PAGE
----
- Learn to deal with stress. Take care of yourself, relieve stress every day, and don't let it build up. Go for walks daily, keep a journal, listen to music, take a bath, play with your dog.
Step 3. Talk to the children
The prospect of talking to a child about the spouse's imprisonment is often intimidating. Children are more likely to experience the same emotions: fear, confusion, anger, sadness, or loneliness. Consider the age of the child when talking and say that now everything will change. Inform the children that they will still be able to communicate with the parent on the phone and meet with the parent during their visits.
Discuss how the child should answer other children's questions. Make a joint decision about what to say: "Dad is in jail" or "Mom left for a while."
Step 4. Sign up for a support group
It is not easy for any person to go through such trials and live a “normal” life. If you find it difficult to discuss problems with family and friends, then a support group can help you communicate with people who are faced with a similar life situation. They are always ready to support, listen and share relevant advice.
Use the internet to find a support group in your city
Step 5. Prepare for a change in your spouse's behavior
It is always difficult for a person to move to a new role in life and become a “prisoner”, because before he was a “father”, “husband”, “entrepreneur”. Such changes create sadness, frustration, depression, anxiety, or anger. The spouse may try to restore his authority in the family and business, make certain demands and threaten. It should be remembered that now it is not easy for him to adapt to the new reality, so it is better to show compassion.
- If your spouse is disappointed, upset, angry, or saddened, then remember that he is now deprived of many freedoms. Show sympathy and try to inspire your spouse: "I'm so sorry that it's very difficult for you right now", "You can always count on my support."
- Inmates sometimes require their wives to smuggle into jail or engage in criminal activities. In such a situation, do not fall for persuasion. Do not forget about your safety, and in case of threats, seek help.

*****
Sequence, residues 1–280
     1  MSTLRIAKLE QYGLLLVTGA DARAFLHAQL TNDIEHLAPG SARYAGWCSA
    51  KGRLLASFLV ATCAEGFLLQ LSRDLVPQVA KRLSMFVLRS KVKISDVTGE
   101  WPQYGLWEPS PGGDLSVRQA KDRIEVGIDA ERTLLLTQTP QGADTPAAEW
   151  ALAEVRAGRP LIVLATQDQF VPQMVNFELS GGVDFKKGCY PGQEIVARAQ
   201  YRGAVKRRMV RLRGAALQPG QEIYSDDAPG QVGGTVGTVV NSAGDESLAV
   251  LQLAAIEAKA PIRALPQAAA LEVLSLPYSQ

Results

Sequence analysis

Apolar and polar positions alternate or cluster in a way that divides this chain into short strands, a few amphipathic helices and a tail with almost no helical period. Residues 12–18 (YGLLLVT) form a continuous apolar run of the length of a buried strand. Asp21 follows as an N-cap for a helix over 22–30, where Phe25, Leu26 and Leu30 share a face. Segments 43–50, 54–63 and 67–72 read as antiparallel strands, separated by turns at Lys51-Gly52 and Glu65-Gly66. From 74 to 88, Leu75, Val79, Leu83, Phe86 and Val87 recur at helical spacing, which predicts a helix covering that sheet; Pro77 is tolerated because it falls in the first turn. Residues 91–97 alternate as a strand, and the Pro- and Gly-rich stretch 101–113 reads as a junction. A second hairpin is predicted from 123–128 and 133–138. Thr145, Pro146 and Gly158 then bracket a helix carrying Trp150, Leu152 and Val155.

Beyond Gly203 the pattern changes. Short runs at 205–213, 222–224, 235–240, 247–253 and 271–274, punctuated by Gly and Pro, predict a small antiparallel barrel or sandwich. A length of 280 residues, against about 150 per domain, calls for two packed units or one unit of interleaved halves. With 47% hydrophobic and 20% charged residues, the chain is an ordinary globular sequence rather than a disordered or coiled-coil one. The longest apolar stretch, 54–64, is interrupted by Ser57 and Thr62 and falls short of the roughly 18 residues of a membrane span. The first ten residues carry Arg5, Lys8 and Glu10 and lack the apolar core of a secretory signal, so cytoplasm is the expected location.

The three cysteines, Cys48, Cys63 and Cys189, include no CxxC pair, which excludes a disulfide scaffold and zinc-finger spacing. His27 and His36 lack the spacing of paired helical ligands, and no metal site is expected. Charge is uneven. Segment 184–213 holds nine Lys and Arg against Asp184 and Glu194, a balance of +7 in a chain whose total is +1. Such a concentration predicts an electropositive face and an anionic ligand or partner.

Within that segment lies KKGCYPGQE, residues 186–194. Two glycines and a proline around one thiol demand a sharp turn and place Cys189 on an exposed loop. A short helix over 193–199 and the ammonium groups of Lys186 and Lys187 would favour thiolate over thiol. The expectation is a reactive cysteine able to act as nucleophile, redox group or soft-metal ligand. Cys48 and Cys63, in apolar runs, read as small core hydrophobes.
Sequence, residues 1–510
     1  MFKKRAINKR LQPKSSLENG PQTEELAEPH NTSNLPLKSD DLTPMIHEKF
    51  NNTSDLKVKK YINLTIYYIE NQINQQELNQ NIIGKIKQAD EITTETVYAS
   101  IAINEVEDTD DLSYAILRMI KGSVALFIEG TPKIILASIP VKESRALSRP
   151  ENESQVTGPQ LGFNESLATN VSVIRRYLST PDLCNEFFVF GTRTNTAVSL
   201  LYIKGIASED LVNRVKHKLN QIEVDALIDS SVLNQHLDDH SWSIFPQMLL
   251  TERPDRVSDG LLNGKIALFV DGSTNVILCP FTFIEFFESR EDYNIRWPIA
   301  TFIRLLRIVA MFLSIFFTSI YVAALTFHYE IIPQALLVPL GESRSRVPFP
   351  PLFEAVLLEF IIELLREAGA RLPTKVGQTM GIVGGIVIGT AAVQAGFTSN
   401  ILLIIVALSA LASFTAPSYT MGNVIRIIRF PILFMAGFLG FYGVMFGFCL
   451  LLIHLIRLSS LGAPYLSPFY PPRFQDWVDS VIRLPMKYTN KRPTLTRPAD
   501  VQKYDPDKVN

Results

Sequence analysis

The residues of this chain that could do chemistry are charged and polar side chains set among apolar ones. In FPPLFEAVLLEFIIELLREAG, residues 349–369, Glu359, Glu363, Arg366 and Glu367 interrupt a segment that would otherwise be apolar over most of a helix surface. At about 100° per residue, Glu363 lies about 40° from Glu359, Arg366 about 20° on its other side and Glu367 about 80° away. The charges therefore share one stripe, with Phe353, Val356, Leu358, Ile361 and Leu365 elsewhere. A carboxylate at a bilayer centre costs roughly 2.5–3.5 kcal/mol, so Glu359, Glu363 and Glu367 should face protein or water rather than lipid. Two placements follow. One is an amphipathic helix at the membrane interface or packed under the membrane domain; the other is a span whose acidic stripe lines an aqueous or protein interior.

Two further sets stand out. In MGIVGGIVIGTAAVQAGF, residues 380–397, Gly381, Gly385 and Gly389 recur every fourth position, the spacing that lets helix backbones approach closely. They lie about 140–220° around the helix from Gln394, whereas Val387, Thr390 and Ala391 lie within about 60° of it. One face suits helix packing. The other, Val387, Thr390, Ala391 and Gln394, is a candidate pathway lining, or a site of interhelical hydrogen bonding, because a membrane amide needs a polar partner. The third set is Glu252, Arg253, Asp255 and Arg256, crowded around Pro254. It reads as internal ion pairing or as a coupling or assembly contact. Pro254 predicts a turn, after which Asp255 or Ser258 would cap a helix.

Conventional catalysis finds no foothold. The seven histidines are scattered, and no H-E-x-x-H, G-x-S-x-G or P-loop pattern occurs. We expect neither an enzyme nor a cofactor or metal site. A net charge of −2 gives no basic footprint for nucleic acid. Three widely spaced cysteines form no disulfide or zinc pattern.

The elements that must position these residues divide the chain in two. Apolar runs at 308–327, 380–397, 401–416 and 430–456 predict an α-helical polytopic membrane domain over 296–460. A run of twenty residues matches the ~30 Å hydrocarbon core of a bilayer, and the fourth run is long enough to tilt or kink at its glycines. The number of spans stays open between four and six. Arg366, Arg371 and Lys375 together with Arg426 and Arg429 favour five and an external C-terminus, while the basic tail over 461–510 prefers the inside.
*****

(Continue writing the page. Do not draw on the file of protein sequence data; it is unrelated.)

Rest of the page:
Step 6. Learn to live on
Life does not end with the imprisonment of a spouse. Use every minute wisely. Your suffering will not ease his lot. Live on and wait for your loved one to be free.
Part 3 of 3: How to communicate with your spouse
Step 1. Discuss your expectations
Discuss expectations and frequency of communication initially. If a person was taken into custody 5 hours ago, then one should not rely on weekly visits. Think about ways to support your spouse, but also be mindful of your needs. You cannot completely refuse to communicate with people in order to sit at home and wait for a call.
The spouse needs support, but try to be realistic about the situation
Step 2. Communicate as much as possible
Evaluate your capabilities and decide how often you can communicate and see each other. Frequent calls can be expensive. You can give your spouse packages, money and photographs, but try to live within your means. Some people want to prove to others that the arrest will not destroy their marriage, but do not punish yourself and sit by the phone all day.
- Beyond the financial aspects, use your time wisely as well. If you need to go to work on a weekend, reschedule your visit to another time.
- Try to find compromises based on your employment, financial situation and the support you need. The spouse must understand you.
Step 3. Keep your notebook next to your phone
Usually a telephone conversation lasts no more than 15 minutes, and there is so much to say. During the day, write down topics to discuss with your spouse in a special notebook. This way you will be ready to talk and will not forget about anything important.
Step 4. Visit your spouse
It is difficult to maintain a marriage if you do not see your spouse. Try to come to meetings once or twice a month if time and money allows. Time will pass faster in anticipation of a new meeting.
- When communicating with a prisoner, think carefully about every word you say. If you are heard, then such words can be used in court against your spouse.
- Never try to turn children of any age against their mother or father. Conversations should be positive or neutral. Negatively speaking, children can turn away from their parent.